18 Jul 2018

Govt needs to help battle syphilis, doctors say

8:06 pm on 18 July 2018

Doctors are urging the government to step up in the fight against sharply rising rates of syphilis - which has taken the lives of two babies.

The man's GP believed he was getting counselling for his depression.

The man's GP believed he was getting counselling for his depression. Photo: 123RF

In a letter to the Associate Health Minister Julie Anne Genter, the Royal Australasian College of Physicians (RACP) said there has now been cases of congenital syphilis, where an infection was passed on from a pregnant woman to her unborn baby.

Earlier this year, the Ministry of Heath said the number of New Zealanders with syphilis has doubled over the last two years.

The symptoms of syphilis depend on the stage of infection, but can include genital ulcers or warty growths, rashes, fever and hair loss.

"The main concern is that we have a disease that was on the way out, which is now coming back. It's a disease we would not expect to be troubled with in New Zealand, in our health system," said Dr Jeff Brown, who penned the letter.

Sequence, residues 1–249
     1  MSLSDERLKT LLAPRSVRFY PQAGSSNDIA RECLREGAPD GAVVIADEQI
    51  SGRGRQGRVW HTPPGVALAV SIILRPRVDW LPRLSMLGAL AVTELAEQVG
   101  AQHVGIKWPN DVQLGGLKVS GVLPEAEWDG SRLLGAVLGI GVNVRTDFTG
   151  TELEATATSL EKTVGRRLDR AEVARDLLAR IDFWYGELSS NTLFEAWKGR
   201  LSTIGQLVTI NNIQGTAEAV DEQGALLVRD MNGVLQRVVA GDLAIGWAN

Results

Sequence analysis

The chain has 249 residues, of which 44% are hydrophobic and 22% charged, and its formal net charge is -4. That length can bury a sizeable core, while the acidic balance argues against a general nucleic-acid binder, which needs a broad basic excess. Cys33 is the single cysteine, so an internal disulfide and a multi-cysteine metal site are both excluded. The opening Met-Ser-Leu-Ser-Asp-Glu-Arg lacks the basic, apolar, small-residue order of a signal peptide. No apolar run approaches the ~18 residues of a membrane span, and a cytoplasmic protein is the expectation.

There had been increasing difficulty in accessing sexual health services, particularly in Auckland, where clinics had been cut back, Dr Brown said.

There are only eight full-time sexual health specialists employed across the country, he said.

The RACP is asking the government to establish an electronic surveillance system that correctly tracks cases of the infection, and to resource services appropriately to curb the spread of the disease.

Ms Genter said the previous government hadn't made sexual health a priority, or taken action on the syphilis increase.

She also blamed them for not putting sexual health targets in place - so funding to fight an increase in illness in HIV and syphilis was not made available.

An awareness campaign in Auckland made some improvement to the numbers in the region.

"Even when we were in opposition last year it was clear that syphilis figures were increasing, in fact they've come down slightly in Auckland.

"So I'd say there's already been a bit of a response which has been effective but we need to ramp that up, and the physicians are absolutely right to raise awareness of the issue."

It was obvious there needed to be a huge focus on prevention, testing and treatment, Ms Genter said.

A review of the health system is currently underway.